What is a Druid?

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  • Written By: Phil Shepley
  • Edited By: Bronwyn Harris
  • Last Modified Date: 18 September 2019
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A Druid is a member of an ancient Celtic religion that covered the role of priest, scholar and judge for the Celtic people. The Celts lived in Britain, Ireland and Western Europe until around the 5th Century, A.D., by which time most had either disappeared or had been converted to Christianity. Typically, a Druid oversaw religious activities, performed rituals, and also acted as a tribal historian by preserving the histories of the Druid’s tribe through stories and oral tradition. Also assuming the role of judge, a Druid would advise the leaders of the tribe on political matters, make laws and settle disputes.

The religion practiced by the Druids was simply known as Druidism and was polytheistic, meaning that many gods were worshiped rather than just one. These gods could either be elemental, representing fire, for example, or be associated with a particular human action or trade such as metallurgy or fishing. A Druid typically practiced the art of divination, which is an attempt to predict the future through physical events, and believed that the human soul would live on through a new human body upon death. There were no written sets of religious beliefs for a Druid since this figure relied solely on oral tradition for passing on information through generations.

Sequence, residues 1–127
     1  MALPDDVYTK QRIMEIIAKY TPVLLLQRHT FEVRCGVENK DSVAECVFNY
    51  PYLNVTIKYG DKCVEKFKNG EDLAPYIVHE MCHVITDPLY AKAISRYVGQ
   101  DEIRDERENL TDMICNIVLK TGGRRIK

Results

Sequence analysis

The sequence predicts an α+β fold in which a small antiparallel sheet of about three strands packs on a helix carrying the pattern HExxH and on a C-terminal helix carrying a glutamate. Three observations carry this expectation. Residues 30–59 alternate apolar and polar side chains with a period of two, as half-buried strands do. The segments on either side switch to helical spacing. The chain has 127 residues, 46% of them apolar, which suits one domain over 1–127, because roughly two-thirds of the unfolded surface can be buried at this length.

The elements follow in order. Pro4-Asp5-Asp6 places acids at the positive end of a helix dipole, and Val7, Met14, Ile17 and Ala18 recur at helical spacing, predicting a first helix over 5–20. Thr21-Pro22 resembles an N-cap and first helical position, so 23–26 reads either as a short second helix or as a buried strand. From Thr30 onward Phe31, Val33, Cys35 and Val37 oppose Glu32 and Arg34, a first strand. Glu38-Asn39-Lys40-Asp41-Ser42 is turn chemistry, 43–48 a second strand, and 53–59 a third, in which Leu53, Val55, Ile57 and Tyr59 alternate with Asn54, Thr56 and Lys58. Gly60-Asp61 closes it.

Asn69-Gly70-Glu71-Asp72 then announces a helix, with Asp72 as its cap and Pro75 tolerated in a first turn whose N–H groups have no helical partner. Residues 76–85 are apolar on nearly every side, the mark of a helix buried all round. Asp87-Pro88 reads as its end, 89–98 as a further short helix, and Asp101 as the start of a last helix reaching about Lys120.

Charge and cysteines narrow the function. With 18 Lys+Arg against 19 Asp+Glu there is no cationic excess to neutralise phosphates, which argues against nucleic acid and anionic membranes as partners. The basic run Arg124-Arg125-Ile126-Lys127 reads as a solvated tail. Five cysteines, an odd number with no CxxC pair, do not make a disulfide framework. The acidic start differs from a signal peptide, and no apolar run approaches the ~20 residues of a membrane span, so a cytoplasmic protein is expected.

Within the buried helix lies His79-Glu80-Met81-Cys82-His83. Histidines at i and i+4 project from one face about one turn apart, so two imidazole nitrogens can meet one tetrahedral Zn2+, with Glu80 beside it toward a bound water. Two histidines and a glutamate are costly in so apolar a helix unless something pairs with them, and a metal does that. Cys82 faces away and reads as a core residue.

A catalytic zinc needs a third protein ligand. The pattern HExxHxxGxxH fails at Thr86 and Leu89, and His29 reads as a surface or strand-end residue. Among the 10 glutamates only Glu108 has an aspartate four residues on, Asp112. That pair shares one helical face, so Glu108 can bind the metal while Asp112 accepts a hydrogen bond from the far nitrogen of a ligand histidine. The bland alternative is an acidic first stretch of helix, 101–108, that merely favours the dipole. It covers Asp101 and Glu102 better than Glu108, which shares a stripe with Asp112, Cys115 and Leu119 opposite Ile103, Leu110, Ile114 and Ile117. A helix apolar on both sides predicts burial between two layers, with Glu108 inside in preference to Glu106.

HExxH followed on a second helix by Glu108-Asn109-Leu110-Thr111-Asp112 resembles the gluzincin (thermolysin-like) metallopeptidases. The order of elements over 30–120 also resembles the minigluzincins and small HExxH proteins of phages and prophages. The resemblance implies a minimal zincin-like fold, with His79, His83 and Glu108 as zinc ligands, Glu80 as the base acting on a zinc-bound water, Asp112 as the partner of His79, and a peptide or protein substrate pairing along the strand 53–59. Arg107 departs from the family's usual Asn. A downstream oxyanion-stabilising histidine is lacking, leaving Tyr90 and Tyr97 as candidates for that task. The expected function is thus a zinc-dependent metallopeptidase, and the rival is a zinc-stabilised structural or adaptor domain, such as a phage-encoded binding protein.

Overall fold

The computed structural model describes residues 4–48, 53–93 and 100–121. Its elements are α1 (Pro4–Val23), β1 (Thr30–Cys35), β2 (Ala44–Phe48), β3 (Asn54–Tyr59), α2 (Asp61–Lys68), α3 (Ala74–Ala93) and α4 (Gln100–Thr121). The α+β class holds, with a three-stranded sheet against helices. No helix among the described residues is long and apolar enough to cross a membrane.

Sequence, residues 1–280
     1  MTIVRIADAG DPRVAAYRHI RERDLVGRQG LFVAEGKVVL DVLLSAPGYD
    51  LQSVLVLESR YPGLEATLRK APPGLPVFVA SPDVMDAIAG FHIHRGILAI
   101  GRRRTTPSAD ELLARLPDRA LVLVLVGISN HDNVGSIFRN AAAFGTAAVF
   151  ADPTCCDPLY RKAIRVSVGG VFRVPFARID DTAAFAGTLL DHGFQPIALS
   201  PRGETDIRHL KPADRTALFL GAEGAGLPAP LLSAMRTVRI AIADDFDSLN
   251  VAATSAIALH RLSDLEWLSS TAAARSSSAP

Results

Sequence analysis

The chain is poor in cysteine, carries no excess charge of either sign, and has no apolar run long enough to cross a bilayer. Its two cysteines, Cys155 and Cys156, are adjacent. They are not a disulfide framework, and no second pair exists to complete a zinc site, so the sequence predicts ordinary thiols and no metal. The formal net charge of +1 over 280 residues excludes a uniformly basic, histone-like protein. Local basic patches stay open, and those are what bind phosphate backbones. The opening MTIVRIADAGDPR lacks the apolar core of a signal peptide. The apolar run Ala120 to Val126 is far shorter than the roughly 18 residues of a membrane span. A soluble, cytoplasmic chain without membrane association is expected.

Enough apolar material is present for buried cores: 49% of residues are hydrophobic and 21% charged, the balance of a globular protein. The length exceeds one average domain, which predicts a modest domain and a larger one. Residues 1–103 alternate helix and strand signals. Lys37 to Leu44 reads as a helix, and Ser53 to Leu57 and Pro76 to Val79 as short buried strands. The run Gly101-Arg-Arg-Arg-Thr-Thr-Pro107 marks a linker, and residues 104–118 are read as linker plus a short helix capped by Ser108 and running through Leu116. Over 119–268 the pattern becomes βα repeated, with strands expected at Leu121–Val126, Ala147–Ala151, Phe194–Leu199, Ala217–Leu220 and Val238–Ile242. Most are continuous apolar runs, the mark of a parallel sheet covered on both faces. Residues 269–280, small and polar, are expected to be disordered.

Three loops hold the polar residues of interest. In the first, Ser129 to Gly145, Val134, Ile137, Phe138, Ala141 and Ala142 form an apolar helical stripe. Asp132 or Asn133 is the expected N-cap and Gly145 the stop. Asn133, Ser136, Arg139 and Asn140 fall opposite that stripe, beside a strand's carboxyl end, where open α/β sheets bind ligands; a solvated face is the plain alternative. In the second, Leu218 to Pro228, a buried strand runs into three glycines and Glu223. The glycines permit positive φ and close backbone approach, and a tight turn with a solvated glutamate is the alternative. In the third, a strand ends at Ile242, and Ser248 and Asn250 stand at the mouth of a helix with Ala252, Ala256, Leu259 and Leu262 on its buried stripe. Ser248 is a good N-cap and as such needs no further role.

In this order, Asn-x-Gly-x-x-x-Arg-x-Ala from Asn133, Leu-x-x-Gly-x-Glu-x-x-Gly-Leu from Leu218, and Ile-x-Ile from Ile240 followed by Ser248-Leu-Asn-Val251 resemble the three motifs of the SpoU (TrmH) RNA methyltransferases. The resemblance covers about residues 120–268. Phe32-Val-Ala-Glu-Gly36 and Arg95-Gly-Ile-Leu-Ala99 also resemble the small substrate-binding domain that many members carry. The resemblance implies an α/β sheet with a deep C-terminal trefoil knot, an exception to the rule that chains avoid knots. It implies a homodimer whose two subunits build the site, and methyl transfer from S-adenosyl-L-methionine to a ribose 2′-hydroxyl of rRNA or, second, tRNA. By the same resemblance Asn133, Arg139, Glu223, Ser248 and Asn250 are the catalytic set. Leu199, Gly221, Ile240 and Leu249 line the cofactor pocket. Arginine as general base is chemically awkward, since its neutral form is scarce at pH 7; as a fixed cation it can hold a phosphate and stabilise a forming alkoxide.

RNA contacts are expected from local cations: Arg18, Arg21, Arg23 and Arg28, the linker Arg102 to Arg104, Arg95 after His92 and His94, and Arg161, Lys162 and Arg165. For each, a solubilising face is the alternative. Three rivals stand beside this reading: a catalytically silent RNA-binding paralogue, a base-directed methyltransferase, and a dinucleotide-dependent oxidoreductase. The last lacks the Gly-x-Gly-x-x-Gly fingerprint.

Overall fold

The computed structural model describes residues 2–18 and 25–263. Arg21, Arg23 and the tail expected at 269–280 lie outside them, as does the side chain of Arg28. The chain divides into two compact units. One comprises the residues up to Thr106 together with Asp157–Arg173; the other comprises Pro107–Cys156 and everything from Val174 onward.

Because of the main use of oral tradition for keeping histories of the Celtic people by the Druids, there remains little physical evidence that they even existed. Julius Caesar, who gave the first living account of the Druids, wrote some of the only written text referring to Druidism. In his writings, he discussed some of the religious aspects of the culture such as the belief in the indestructibility of the human soul and their penchant for bloody rituals.

There are still groups today throughout the world that practice a religion that is based upon ancient Druidism (known as neo-Druidism) by holding festivals, usually between changes of the seasons. These revivals began slowly in the 17th Century when some historians and other figures “rediscovered” Druidism and began new orders of the religion. Some of the more prominent Druid festivals occur at Stonehenge upon the summer and winter solstices, even though it is no longer widely believed that the ancient monument, located in southwestern England, was build by Druids.


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